Fleet Battles are a lot more complex than dog fights. Teams take turns making pushes across a battlefield to assault capital ships and race to take down each other’s warship. Gaining advantage by killing enemies will spawn AI teammates that will help you advance the line. Fleet Battles are heavily inspired by MOBAs and I think there’s a lot of opportunity for deep strategy but unfortunately, the way matchmaking and quitters are handled makes this a no-go for anything short of a full five stack. I also think there are some significant balancing issues between the ships and I worry that a dominant meta will quickly emerge and the game mode will end up becoming rather stale. The Dog Fight mode simply has more legs because the rounds are shorter and you can solo queue and still be successful.

In either mode, the learning curve is incredibly steep. Squadrons is by far the most accessible flight-sim I’ve played, but that doesn’t mean it’s arcadey by any stretch. Aiming and maneuvering take a lot of practice even for skilled FPS players. The good news is that it’s a blast to play even when you’re struggling. I find it’s easiest with mouse and keyboard, hardest with controller, and most fun with a flight stick.

Hairpin turns around asteroids to dodge tracking missiles and zipping full throttle between the wreckage of a capitol ship you blew up 1 second before colliding with it are the kinds of thrilling moments that happen 100 times in each match. Every move you make determines if you live or die and the skill ceiling is practically infinite.

A Remarkable Simulation

I can’t overstate just how effective Squadrons is as both a space simulator and a Star Wars simulator. I’ve had every immersive Star Wars experience including Vader Immortal on the Oculus Quest, Secrets of the Empire in VR at The Void, and Galaxy’s Edge at Disneyland, and Squadrons is the only true, legitimately immersive Star Wars experience I’ve ever had.

I think it’s about control. Those other experiences are either on rails or strictly guided. In Squadrons, I decide where to fly and what to shoot at.  As your skills improve the experience just gets more and more immersive. Earning ranks in competitive feels like legitimate promotions.

Playing in VR with flight sticks is, no hyperbole, transcendent. I won’t spend too much time on it because I don’t expect most people will be playing this way, but if you have the opportunity to play Squadrons in VR you absolutely must. The freedom it gives you just to look in different directions before maneuvering is not only a huge competitive advantage, it just feels incredible.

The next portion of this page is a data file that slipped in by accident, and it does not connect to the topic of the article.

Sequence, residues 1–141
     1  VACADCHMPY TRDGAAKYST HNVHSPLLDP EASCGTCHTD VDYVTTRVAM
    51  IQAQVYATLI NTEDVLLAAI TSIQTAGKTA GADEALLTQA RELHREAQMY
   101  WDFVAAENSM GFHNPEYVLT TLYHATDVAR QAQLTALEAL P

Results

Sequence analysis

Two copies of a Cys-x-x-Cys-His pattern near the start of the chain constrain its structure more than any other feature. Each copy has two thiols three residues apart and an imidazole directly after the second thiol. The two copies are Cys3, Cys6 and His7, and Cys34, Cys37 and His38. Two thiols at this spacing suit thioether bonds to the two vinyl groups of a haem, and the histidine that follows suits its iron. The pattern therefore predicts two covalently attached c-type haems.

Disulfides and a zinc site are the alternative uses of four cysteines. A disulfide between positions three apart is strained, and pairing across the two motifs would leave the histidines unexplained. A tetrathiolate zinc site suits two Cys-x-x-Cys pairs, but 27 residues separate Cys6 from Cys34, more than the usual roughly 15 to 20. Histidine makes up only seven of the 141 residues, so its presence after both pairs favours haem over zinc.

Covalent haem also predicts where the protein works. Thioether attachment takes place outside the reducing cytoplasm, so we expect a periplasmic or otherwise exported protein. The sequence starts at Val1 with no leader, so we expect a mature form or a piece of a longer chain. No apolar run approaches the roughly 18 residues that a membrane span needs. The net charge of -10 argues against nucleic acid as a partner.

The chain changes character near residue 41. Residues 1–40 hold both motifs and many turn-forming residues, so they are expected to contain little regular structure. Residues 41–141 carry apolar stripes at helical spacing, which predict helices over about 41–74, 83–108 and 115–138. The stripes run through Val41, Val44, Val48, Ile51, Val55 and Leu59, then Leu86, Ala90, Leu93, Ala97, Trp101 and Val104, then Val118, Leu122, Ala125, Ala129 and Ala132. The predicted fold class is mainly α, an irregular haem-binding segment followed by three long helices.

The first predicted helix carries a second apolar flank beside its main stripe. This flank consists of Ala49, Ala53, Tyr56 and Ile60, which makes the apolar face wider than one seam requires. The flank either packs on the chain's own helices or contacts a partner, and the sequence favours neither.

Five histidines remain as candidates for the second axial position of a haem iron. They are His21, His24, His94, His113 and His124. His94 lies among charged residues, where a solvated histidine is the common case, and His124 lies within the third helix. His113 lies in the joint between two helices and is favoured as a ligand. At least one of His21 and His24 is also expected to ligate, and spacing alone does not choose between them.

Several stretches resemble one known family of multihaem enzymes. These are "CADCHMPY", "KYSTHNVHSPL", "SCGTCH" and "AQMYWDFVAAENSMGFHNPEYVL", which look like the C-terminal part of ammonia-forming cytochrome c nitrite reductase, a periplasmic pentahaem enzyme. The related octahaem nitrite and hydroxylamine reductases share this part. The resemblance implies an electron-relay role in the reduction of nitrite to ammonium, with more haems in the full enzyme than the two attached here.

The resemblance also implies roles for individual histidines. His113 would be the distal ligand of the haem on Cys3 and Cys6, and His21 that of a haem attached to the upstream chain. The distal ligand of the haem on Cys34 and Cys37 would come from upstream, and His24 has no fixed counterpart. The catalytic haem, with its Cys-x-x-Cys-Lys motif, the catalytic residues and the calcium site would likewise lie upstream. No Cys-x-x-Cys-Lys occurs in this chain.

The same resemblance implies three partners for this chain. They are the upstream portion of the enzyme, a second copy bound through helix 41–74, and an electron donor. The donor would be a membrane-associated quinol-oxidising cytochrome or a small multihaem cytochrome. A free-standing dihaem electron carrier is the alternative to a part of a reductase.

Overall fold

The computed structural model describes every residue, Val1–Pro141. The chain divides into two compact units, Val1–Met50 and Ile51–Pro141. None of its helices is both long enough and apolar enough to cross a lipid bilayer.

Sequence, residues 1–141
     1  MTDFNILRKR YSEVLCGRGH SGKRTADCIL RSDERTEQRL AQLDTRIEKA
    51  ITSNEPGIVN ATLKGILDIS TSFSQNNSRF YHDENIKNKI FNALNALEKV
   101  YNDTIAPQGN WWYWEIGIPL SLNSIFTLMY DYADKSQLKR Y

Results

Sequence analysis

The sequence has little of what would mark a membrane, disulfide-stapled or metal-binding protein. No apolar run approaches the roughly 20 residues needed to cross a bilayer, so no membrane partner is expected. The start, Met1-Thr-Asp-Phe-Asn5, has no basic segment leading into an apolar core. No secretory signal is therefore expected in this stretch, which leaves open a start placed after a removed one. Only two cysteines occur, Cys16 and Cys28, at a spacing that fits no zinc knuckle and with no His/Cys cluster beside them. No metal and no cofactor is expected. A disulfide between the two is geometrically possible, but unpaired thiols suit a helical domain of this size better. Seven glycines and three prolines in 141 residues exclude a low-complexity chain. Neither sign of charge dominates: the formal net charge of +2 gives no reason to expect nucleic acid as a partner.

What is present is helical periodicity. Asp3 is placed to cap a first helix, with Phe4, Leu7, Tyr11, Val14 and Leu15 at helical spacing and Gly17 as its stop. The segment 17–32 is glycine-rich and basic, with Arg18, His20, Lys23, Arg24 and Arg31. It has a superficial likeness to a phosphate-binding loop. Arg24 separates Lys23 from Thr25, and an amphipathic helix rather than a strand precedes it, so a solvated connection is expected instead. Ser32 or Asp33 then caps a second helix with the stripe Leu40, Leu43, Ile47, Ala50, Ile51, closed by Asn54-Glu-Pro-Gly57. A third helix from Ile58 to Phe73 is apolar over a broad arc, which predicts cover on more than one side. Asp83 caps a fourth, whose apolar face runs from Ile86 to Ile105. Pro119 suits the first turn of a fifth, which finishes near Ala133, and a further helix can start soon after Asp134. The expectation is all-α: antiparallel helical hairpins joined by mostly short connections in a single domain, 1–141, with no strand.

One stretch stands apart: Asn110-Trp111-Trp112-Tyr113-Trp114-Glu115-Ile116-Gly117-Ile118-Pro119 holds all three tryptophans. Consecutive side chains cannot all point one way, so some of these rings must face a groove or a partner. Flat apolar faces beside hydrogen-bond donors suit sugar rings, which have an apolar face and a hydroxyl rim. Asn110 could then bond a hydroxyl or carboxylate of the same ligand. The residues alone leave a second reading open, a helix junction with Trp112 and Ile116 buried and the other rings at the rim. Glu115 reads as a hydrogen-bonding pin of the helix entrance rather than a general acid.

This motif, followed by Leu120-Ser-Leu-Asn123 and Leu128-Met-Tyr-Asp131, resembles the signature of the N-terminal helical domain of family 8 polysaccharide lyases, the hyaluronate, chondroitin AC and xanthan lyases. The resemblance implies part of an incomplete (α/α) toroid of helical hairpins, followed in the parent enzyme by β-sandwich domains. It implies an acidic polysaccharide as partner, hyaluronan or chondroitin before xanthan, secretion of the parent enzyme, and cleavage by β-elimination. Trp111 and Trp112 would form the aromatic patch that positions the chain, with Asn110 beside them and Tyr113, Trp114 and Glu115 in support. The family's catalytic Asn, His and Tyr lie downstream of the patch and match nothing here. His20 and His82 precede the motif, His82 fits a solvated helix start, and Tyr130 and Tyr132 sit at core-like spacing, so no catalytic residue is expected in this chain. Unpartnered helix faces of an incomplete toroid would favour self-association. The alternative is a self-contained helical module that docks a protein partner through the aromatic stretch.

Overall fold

Concerns About Longevity

Of course, a multiplayer game can quickly disappear without a player base to support it. This is Star Wars we’re talking about, so I don’t imagine it will suffer the same fate as Disintegration just did, but I still have some concerns. Despite the strength of the IP, it’s still in an incredibly niche genre. You have to want to learn to play Squadrons and it takes time; most people will have never played anything like it.

I’m also concerned about future content. There is no post-purchase monetization whatsoever, and it isn’t clear if future content is planned. There are only 2 game modes and both need ten players to form a match. Turning off cross-play on PC already can lead to queue times longer than five minutes. That might be matchmaking related and not because of the size of the player base, but it does cause some concern.

My hope is that the success of Squadrons will greenlight a Squadrons 2 that’s even bigger and better. Squadrons is a remarkable game that is the only modern Star Wars game I would consider genre-defining. For Star Wars fans, you can’t get a more authentic simulation anywhere else. The difficulty may push some people away, but those that commit to learning the ropes are in for a thrilling and unforgettable experience.

A PC review code was provided to TheGamer for this review. Star Wars: Squadrons is available now on PS4, Xbox One, and PC.

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Eric Switzer is the Livestream News Editor for TheGamer as well as the lead for VR and Tech. He has written about comics and film for Bloody Disgusting and VFXwire. He is a graduate of University of Missouri – Columbia and Vancouver Film School. Eric loves board games, fan conventions, new technology, and his sweet sweet kitties Bruce and Babs. Favorite games include Destiny 2, Kingdom Hearts, Super Metroid, and Prey…but mostly Prey. His favorite Pokémon is Umbreon.